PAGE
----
"Start the Beat" Petition Hopes to Raise Awareness of CPR and AED Training

Posted by Rhett on 11/7/2016 to Emergency Care

"K.H." created a petition in late October asking the White House to launch a nation-wide campaign called "Start the Beat" in an effort to spread awareness of the seriousness of sudden cardiac arrest, the leading cause of death in the United States. Citing other national campaigns like "Stop, drop, and roll" and "Stop the bleed," K.H. hopes that "Start the Beat" will become common knowledge to citizens in the U.S.

At only 868 signatures so far, the Start the Beat petition needs more than 99,000 more signatures by November 20 to get a response from the White House. Sign the petition and help spread the word about heart health!

https://petitions.whitehouse.gov/petition/launch-national-campaign-start-beat-increase-awareness-cpraed-use-improve-survival-cardiac-arrest


Heart Disease and Heart Attack Facts

About 610,000 people in the U.S. die of heart disease each year, accounting for approximately 25% of all American deaths. The petition also mentions that the survival rate of a sudden cardiac arrest is only 6%, and that while CPR and AED use significantly increases survivability, bystandards rarely know what to do in these situations, or are too hesitant to take action.


Here are some additional facts about heart health...

  • Heart disease is the leading cause of death in both men and women.
  • About 735,000 Americans suffer a heart attack each year; for 520,000 of them, it is their first heart attack.
  • In a survey conducted in 2005, only 27% of respondents were aware of all the major symtoms of a heart attack and knew to call 9-1-1.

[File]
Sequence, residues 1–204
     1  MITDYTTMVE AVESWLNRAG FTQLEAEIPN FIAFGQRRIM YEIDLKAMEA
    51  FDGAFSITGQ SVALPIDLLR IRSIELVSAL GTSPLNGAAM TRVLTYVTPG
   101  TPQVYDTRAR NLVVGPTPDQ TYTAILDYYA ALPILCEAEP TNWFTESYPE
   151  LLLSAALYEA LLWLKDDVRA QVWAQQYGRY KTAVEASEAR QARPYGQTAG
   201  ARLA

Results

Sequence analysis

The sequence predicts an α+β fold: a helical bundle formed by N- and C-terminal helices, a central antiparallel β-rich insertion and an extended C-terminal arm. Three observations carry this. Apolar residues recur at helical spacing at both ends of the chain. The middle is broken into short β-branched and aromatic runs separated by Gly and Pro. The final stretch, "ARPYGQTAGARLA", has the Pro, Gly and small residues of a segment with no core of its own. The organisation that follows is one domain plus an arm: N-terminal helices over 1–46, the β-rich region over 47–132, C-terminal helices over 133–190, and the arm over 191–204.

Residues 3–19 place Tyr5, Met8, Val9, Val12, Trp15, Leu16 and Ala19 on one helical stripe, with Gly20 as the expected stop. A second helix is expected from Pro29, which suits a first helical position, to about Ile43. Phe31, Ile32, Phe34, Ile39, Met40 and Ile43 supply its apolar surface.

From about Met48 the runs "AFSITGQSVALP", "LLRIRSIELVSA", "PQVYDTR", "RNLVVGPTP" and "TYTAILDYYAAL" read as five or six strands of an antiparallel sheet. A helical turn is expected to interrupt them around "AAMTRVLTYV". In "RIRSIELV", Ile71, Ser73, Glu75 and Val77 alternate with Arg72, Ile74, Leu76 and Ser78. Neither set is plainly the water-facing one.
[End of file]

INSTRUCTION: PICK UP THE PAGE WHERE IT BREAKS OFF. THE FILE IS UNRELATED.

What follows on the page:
• Approximately 47% of sudden cardiac deaths happen outside of a hospital, suggesting that people with heart disease are not acting on the early warning signs. The signs you should be aware of:
    • Not only chest pains, but pains in the upper body, including the jaw, neck, arms, and upper torso.
    • Shortness of breath and difficulty breathing.
    • Nausea and dizziness.
    • Sudden cold sweats.
  • Approximately 47% of Americans have at least one of the three biggest risk factors for heart disease. These are:
    • High blood pressure. About 29% of adults in America suffer from high blood pressure, and only half of them have it under control. About 70% of people having their first heart attack have high blood pressure (not to mention the increased chances of suffering from a stroke, chronic heart failure, or kidney disease!).
    • High cholesterol. About 31% of adults in America have high cholesterol, and only 30% of them have it under control. People with high cholesterol are about twice as likely to suffer from heart disease.
    • Smoking. Americans who smoke die an average of 10 years earlier than non-smokers. Nevertheless, 17% of adults in America in 2014 reported themselves as current, active smokers (smoking about every day). Almost 70% of smokers said they wanted to quit smoking, but only about 40% actually tried to quit in 2011.
  • Other serious risk factors include obesity and diabetes, a poor diet and physically inactive lifestyle, and alcohol abuse.

Sources & More Information

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